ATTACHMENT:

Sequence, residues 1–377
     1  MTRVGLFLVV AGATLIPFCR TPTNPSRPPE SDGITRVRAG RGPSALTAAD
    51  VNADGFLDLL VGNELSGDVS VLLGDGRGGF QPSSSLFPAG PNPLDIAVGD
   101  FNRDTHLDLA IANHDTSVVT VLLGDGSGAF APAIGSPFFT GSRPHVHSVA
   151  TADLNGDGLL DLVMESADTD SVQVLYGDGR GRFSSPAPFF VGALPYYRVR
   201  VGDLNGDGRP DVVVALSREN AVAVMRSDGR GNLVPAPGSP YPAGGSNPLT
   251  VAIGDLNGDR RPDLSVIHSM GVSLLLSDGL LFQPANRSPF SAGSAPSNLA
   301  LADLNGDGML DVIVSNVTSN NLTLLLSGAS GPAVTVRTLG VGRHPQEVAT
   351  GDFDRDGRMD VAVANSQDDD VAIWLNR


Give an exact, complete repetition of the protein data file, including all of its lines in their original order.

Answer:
Sequence, residues 1–377
     1  MTRVGLFLVV AGATLIPFCR TPTNPSRPPE SDGITRVRAG RGPSALTAAD
    51  VNADGFLDLL VGNELSGDVS VLLGDGRGGF QPSSSLFPAG PNPLDIAVGD
   101  FNRDTHLDLA IANHDTSVVT VLLGDGSGAF APAIGSPFFT GSRPHVHSVA
   151  TADLNGDGLL DLVMESADTD SVQVLYGDGR GRFSSPAPFF VGALPYYRVR
   201  VGDLNGDGRP DVVVALSREN AVAVMRSDGR GNLVPAPGSP YPAGGSNPLT
   251  VAIGDLNGDR RPDLSVIHSM GVSLLLSDGL LFQPANRSPF SAGSAPSNLA
   301  LADLNGDGML DVIVSNVTSN NLTLLLSGAS GPAVTVRTLG VGRHPQEVAT
   351  GDFDRDGRMD VAVANSQDDD VAIWLNR